Fandango officials referred inquiries to Facebook, which issued a statement defending its practices. Facebook officials have also said advertising supports the free service.

"Beacon gives users an easy way to share relevant information from other sites with their friends on Facebook," the statement said. "Information is shared with a small selection of a user's trusted network of friends, not publicly on the Web or with all Facebook users. Users also are given multiple ways to choose not to share information from a participating site, both on that site and on Facebook."

Users are able to decline sharing on a site-by-site basis, but can't withdraw from the program entirely.

On Wednesday, Facebook launched a mechanism for users to indicate what types of news feeds they like and dislike. Individuals could possibly use that to lower the frequency of marketing items, though the company has said they won't be able to reject them completely.

Liberal advocacy group formed a protest group Tuesday and had more than 6,000 members by Wednesday. The group is calling on Facebook to stop revealing online purchases and letting companies use names for endorsements without "explicit permission."

"We want Facebook to realize that their users are rightly concerned that private information is being made public," MoveOn spokesman Adam Green said, adding that Facebook could quell concerns by seeking "opt in" consent rather than leaving it to users to "opt out" by taking steps to decline sharing.

Facebook user Nate Weiner, 23, said he uses a tool for the Firefox Web browser called BlockSite, which he says prevents sites from sending data to Facebook.

"What if you bought a book on Amazon called 'Coping with AIDS' and that got published to every single one of your friends?" he said.

'Micro' livers could aid drug screening

MIT researchers have devised a novel way to create tiny colonies of living human liver cells that model the full-sized organ. The work could allow better screening of new drugs that are potentially harmful to the liver and reduce the costs associated with their development.

Liver toxicity is one of the main reasons pharmaceutical companies pull drugs off the market. These dangerous drugs slip through approval processes due in part to the shortcomings of liver toxicity tests. Existing tests rely on liver cells from rats, which do not always respond to toxins the way human cells do. Or they rely on dying human cells that survive for only a few days in the lab.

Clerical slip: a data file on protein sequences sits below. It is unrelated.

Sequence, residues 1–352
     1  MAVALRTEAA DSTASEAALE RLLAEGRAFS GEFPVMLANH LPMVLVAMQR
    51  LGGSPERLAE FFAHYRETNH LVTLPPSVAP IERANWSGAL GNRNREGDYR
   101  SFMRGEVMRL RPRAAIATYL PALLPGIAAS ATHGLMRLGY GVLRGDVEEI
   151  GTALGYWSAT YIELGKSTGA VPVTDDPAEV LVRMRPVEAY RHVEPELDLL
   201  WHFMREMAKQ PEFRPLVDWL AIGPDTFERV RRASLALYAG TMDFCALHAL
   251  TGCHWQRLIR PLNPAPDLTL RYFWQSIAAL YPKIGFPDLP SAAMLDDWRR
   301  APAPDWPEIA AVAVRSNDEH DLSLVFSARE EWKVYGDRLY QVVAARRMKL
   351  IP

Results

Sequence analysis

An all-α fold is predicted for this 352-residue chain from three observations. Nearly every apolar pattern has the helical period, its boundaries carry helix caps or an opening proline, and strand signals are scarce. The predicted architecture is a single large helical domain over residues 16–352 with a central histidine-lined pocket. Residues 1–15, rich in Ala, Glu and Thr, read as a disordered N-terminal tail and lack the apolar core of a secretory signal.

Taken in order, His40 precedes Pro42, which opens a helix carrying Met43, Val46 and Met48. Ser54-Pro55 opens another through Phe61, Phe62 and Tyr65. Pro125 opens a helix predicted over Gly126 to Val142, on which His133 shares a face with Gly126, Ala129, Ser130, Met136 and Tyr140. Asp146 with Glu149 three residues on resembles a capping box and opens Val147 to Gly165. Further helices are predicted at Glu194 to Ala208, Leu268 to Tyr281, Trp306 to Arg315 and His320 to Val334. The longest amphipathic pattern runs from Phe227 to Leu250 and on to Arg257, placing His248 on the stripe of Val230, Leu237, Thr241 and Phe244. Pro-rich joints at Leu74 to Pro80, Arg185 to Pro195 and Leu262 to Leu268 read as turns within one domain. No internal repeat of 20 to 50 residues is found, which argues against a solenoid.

The new technology arranges human liver cells into tiny colonies only 500 micrometers (millionths of a meter) in diameter that act much like a real liver and survive for up to six weeks.

Sangeeta Bhatia, associate professor in the Harvard-MIT Division of Health Sciences and Technology (HST) and MIT's Department of Electrical Engineering and Computer Science, and HST postdoctoral associate Salman Khetani describe their model liver tissue and its behavior in the November 18 online issue of Nature Biotechnology.

To build these model livers, Khetani uses micropatterning technology--the same technology used to place tiny copper wires on computer chips--to precisely arrange human liver cells and other supporting cells on a plate. Khetani adapted this method from Bhatia's early work as an HST graduate student building micropatterned co-cultures of rat liver cells and supporting cells.

Such precisely arranged cells results in what Bhatia calls a "high-fidelity tissue model" because it so closely mimics the behavior of a human liver. For example, each model "organ" secretes the blood protein albumin, synthesizes urea, and produces the enzymes necessary to break down drugs and toxins.

To predict how close their model tissue is to real liver tissue, which has over 500 different functions, they also evaluated its gene expression profiles, measures of the levels of gene activation in the tissues. They found that these profiles are very similar to those of fresh liver cells, "giving us confidence that other [liver] functions are preserved," said Khetani.

For drug testing purposes, this affinity to the human liver allows each colony to provide a window into the human liver's response to a drug without having to expose human patients to the drug in a clinical trial, said Bhatia.